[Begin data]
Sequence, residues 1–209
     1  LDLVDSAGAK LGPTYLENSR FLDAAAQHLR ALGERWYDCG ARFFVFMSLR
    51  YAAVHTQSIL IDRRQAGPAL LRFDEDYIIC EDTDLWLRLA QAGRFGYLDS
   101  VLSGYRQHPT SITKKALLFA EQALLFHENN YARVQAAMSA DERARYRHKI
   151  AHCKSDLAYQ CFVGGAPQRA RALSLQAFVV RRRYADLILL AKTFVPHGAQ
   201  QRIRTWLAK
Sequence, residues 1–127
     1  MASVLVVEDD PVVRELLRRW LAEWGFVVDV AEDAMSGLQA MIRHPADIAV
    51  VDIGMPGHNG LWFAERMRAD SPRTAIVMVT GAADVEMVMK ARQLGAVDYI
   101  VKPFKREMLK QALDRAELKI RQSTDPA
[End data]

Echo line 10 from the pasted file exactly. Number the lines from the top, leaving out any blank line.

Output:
   101  VKPFKREMLK QALDRAELKI RQSTDPA